Hot/dry 10-day forecast... should I wait to plant azaleas??

Dallas, GA

I just bought 10 azaleas this weekend... stupidly not checking the 10-day forecast. Um, we're looking at 10 days of hot, dry days (highs in the 80's for several days then the 70's, *maybe* some scattered t-storms in the middle of all that heat).

Most of the spots where I will plant them will be getting dappled shade once the trees leaf out more fully. It's not usually this hot this early in the spring. I'm wondering if I should wait a bit before planting them... won't new transplants get stressed with all this heat and sun, even if I water them daily? The azaleas I planted a couple of months ago are showing signs of heat stress... I'm hoping they will make it too! :(

I'm thinking maybe I should keep them in pots in a shady spot next to the deck where they'll at least get minimal direct sun, then transplant once cooler temps are in sight and/or the overhead trees are a bit more leafed out. What would you do?

Thumbnail by MrsJohnnyG
Dallas, GA

I've decided to wait. My neighbor (an avid gardener) urged me to get them into the ground rather than let them bake in their plastic pots, but the problem is they will bake where I'm planning to plant them. (It's crazily unseasonably hot here and there's almost no shade until the trees fill in more. At least while they're in their pots, I can keep them clustered together in a shady spot where they're not baking in the sun for 14+ hours.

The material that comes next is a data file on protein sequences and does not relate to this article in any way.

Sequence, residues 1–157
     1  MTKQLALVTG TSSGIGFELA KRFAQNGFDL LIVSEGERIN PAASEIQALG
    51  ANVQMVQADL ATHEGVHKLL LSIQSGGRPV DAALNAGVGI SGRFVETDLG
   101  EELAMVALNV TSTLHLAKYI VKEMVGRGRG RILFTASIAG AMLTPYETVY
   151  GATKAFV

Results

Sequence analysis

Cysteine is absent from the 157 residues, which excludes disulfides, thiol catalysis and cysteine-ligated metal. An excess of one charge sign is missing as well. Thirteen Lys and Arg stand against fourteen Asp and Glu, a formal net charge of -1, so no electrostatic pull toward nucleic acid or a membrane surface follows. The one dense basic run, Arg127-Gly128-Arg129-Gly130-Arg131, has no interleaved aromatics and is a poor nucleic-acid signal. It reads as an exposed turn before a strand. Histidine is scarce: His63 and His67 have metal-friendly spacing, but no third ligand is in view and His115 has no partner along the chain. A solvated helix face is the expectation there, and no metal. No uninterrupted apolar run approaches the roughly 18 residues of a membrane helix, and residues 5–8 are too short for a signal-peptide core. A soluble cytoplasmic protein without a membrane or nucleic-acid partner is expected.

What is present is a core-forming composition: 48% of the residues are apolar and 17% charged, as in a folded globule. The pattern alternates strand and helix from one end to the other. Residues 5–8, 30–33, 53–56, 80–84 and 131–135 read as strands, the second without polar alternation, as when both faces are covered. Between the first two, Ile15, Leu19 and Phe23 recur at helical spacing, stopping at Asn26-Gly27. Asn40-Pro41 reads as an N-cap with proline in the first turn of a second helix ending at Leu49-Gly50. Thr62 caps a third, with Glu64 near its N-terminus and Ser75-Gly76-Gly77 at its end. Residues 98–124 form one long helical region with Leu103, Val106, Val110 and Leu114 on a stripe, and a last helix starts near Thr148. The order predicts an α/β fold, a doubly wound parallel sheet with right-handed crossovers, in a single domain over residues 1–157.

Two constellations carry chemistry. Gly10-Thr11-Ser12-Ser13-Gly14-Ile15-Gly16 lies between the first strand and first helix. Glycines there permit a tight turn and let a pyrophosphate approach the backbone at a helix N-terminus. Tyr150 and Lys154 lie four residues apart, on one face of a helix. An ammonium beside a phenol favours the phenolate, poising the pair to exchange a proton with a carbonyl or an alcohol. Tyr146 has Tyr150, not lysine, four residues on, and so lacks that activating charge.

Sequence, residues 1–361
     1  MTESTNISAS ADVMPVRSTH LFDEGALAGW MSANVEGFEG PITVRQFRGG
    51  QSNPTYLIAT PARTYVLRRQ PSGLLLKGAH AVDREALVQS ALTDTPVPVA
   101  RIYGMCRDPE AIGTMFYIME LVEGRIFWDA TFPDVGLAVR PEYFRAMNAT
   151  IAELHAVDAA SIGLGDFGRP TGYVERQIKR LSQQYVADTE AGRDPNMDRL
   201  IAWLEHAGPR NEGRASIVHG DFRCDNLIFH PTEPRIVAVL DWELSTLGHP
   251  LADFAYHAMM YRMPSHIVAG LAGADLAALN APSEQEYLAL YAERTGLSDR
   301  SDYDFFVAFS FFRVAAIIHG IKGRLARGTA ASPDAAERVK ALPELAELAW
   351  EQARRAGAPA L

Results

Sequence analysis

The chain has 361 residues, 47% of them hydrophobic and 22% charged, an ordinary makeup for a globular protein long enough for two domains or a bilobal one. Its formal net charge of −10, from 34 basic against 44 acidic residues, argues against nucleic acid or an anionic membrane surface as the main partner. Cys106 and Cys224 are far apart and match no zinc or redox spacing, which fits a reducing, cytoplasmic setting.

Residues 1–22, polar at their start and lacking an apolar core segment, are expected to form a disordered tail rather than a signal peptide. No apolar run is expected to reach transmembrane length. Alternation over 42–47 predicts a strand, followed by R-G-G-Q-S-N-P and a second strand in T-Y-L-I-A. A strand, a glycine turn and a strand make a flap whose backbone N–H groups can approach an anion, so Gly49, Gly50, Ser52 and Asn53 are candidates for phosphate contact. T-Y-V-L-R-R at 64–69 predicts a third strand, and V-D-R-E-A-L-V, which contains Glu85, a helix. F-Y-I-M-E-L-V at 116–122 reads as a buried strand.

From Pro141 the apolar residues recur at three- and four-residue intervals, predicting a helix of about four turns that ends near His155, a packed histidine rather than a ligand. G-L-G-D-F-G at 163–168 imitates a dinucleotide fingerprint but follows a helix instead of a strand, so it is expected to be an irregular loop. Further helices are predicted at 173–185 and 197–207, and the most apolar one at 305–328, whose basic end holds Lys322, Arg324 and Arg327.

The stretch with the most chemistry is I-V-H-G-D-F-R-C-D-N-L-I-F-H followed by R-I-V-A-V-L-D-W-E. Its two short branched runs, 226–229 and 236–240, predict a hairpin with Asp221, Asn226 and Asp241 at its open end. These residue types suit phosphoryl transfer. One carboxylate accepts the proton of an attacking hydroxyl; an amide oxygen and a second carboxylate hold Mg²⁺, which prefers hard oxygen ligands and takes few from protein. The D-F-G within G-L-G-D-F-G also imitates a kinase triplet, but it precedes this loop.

The azaleas and hydrangeas I planted months ago are wilting under the heat so I'm going to have to figure out a way to create some shade for them (someone suggested white sheets and/or umbrellas)... don't want to have to do that for 10 *more* plants.

Hurst, TX(Zone 7b)

As long as the soil is moist, well mulched (3-4" of acidic mulch) and the shrubs will get afternoon shade starting around 12pm or so, you can plant them now. Keep an eye on the soil moisture though. They like constant moisture. The soil should be moist, not dry of course but not wet either. Insert a finger to a depth of 4" into the soil and see if it feels dry, moist or wet. Then water when it feels almost dry or dry. If the area gets too much sun then keep them potted until the area is ready for azalea plantings. Keep an eye on soil moisture in the pots and provide some fertilizer monthly or every two months (not needed if the potting soil already contains those round fertilizer pellets).

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